Wines made from the Pinot Noir grape variety are among the most popular in the world. In the U.S., most Pinot Noir wines come from California and Oregon.
Pinot Noir is one of the oldest known grape varieties, much older than Cabernet Sauvignon or Merlot; it was cultivated in what is now the Burgundy region of France as early as the first century AD. Today’s Pinot Noir wines of Burgundy, simply called red Burgundy, as we refer to them collectively, are among the world’s most sought-after wines; the best are rare and very expensive. In fact, the most expensive bottle of wine in the world upon release is Burgundy’s Romanée-Conti (100% Pinot Noir), which retails in the range of $17,000 to $20,000 (a bottle that is), depending on the vintage. Crazy, right? And yet Romanée-Conti sells out quite rapidly, even considering the price.
Pinot Noir has always been a difficult grape variety to grow successfully. It is early-ripening, and prone to spring frosts. It is susceptible to many vine diseases. It grows best in cool, dry climates. Being a delicate variety, Pinot Noir does not blend successfully with other grape varieties (the one major exception being sparkling wines; it does blend quite well with Chardonnay and Pinot Meunier in France’s Champagne region). You might wonder, why do wine growers even bother with it?
The answer is simple: the wine can be magnificent, when everything works right. Many of the best wines I have ever consumed have been red Burgundies. Outside of Burgundy and the U.S. West Coast, very few wine regions in the world have been successful with Pinot Noir, other than New Zealand, Chile’s coastal area and (perhaps) Patagonia in Argentina.
And so it was no surprise when California winemakers (and later Oregon’s) decided to produce Pinot Noir wines. But the initial results in California with Pinot Noir during the pumped up1970s were quite disastrous. Pinot Noir is a light-colored grape variety. California winemakers, accustomed to their dark red Cabernet wines, tried to emulate the same dark color in their Pinot Noirs. The resulting early Pinot Noirs from many California producers were clumsy, beefed-up specimens, bearing little if any resemblance to the elegant, delicate flavors of the Burgundies produced in France. I remember drinking a California Pinot Noir in the late 1970s from a reputable California producer and throwing it out, saying, “My God, this is awful!” Oregon winemakers, who got started making Pinot Noirs mainly in the 1980s, did not make the same mistakes as their California brethren. Oregon’s Pinot Noirs were quite good from the beginning.
But California winemakers learned, often by including a trip to Burgundy as part of their education. And so, by the 1990s, California winemakers, especially on the Sonoma Coast and in Sonoma’s Russian River Valley, started making some very fine Pinot Noir wines. I began buying California Pinot Noirs then, especially from Williams Selyem and Littorai wineries in Sonoma. West Coast Pinot Noirs are of course different from red Burgundies; very different terroirs. And of course Burgundy has had hundreds of years dealing with the fickle Pinot Noir variety to understand it.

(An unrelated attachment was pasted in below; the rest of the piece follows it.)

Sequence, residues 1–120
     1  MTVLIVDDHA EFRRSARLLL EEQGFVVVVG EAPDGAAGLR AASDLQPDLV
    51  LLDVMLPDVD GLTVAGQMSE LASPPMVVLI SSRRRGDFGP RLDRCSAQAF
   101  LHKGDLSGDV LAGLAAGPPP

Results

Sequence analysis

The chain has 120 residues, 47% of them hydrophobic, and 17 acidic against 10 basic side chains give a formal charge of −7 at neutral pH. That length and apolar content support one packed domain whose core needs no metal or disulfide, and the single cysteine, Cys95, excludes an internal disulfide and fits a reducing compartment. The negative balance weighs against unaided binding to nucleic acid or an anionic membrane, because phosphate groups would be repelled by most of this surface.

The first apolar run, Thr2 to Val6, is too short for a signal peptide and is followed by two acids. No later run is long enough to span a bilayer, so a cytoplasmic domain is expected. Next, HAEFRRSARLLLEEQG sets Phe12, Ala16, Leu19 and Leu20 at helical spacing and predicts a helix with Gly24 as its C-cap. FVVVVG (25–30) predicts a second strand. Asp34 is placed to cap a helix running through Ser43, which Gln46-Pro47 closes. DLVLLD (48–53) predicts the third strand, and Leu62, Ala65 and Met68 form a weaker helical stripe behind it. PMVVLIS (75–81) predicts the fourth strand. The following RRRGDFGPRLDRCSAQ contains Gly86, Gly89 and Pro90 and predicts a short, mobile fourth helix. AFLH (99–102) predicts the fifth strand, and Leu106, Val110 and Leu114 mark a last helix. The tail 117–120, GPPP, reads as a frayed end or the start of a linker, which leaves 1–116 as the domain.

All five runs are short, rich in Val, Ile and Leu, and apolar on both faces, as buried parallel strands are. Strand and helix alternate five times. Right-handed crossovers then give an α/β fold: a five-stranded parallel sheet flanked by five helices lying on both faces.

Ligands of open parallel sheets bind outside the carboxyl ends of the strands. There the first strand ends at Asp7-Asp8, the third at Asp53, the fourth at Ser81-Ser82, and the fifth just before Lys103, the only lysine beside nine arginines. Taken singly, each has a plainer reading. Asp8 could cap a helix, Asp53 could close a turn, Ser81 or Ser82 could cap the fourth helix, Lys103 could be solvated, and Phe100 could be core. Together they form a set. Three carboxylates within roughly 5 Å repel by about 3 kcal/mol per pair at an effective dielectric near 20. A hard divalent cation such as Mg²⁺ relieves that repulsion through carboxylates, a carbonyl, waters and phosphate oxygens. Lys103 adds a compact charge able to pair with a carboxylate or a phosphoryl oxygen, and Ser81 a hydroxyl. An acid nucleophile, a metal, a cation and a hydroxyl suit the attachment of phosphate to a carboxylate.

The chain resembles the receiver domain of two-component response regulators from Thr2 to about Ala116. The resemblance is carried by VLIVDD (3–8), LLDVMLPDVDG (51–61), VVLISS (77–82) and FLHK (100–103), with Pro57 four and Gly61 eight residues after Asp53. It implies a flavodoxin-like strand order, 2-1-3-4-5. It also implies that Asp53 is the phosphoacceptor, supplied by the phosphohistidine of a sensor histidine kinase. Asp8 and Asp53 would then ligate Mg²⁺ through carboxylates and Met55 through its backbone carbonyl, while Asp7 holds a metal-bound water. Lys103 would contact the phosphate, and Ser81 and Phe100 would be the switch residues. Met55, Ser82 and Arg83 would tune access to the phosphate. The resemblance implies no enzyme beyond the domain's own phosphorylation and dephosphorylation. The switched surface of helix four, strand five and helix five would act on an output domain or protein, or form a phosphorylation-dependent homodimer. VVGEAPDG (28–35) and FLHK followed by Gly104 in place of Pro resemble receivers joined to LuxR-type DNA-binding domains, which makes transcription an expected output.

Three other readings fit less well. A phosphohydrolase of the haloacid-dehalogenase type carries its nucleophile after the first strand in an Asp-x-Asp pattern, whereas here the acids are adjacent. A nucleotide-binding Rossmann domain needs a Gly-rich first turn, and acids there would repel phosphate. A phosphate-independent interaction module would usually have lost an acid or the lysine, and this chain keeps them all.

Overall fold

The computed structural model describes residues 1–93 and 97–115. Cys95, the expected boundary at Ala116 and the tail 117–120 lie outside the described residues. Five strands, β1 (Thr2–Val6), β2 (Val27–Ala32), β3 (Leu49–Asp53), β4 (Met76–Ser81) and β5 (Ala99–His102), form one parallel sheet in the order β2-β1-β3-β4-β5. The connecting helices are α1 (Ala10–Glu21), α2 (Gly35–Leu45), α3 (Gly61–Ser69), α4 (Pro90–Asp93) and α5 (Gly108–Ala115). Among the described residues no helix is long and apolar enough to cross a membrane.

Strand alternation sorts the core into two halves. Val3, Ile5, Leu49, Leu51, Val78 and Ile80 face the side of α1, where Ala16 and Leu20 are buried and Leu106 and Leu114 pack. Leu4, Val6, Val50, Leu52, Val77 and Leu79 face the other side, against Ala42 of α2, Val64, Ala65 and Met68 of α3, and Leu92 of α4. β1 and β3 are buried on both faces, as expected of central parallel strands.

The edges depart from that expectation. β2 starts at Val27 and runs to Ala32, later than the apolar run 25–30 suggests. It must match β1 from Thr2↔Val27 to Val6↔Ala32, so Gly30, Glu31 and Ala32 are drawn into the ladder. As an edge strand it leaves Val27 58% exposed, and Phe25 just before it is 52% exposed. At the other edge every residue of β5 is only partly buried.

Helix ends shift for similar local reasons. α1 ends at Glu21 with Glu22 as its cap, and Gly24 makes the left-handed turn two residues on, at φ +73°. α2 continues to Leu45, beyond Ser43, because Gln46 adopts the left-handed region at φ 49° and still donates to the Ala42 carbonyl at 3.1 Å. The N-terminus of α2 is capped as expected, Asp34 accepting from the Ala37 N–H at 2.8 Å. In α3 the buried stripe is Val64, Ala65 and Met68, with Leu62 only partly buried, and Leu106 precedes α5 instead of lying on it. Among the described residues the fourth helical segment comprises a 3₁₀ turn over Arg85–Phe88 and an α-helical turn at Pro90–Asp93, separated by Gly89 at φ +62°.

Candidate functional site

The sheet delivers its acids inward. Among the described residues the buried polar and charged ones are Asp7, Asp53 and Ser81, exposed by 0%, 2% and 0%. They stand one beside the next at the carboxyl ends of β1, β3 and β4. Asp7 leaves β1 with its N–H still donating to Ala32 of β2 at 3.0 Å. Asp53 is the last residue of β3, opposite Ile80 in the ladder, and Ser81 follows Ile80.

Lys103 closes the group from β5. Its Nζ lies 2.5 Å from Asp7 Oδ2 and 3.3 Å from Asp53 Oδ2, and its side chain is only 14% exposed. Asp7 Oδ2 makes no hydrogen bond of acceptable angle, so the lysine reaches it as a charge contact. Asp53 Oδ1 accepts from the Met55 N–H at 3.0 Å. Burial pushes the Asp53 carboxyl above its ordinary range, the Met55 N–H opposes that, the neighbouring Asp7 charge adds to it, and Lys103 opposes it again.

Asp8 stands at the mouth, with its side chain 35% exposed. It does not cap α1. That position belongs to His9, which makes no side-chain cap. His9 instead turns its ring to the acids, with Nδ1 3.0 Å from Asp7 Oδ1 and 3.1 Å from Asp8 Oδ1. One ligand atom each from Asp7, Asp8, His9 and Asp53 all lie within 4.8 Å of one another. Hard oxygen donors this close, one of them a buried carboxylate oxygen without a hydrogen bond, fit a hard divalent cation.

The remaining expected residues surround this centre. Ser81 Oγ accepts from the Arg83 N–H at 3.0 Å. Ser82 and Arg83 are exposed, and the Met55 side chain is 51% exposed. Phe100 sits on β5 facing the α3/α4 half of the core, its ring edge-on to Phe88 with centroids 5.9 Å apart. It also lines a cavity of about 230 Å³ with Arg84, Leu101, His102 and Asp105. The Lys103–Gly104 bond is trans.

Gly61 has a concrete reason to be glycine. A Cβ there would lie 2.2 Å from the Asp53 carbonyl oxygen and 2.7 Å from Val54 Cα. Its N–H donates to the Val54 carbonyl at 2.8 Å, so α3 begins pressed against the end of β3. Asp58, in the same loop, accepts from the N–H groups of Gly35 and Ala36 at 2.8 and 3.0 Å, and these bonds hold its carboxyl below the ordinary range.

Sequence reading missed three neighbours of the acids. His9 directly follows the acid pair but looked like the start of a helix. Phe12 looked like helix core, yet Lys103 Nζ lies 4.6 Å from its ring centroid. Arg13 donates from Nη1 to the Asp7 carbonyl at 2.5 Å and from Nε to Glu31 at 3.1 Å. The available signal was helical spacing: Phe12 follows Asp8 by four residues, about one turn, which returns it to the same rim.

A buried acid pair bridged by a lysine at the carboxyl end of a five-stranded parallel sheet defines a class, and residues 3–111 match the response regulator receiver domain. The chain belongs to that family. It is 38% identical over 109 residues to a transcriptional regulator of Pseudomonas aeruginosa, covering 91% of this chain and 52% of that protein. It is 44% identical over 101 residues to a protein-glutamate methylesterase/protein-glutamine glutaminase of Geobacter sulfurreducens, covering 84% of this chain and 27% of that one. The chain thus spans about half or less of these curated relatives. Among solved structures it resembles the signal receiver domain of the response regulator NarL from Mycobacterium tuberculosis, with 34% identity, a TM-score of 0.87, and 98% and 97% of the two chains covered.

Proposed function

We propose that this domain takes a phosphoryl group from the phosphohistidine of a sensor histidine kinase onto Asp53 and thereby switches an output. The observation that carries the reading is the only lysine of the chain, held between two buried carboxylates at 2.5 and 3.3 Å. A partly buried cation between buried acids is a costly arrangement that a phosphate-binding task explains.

When I dine at a restaurant (it seems like a long time ago right now, but restaurants will return!), I often seek out a Pinot Noir from California, Oregon, some other state, or Chile (Burgundy usually being too expensive). The food I eat, such as seafood, often will pair better with Pinot Noir than with a more robust wine.
I have devised a list of my favorite California Pinot Noirs. A few of the smaller wineries listed below are difficult to find outside of their local region; often your best bet is to contact the winery and buy the wine directly from them. Most of the Pinot Noirs I am recommending retail in the $25 to $50 range, with a few over $50, and so noted when they are. Starting in the southern part of California and going north, here is my list (all wines listed in alphabetical order):
Santa Barbara County (including Santa Maria and Santa Ynez Valleys; also Sta. Rita Hills): The cool breezes from the Pacific Ocean create a fine environment to grow Pinot Noir. Santa Barbara Pinot Noirs often offer luscious strawberry aromas and flavors, with herbal notes. They are precocious—delicious in their first four or five years, but not long-lived:
--Au Bon Climat (an exception to the norm; this wine has staying power)
--Cambria Estate Winery, Julia’s Vineyard; good value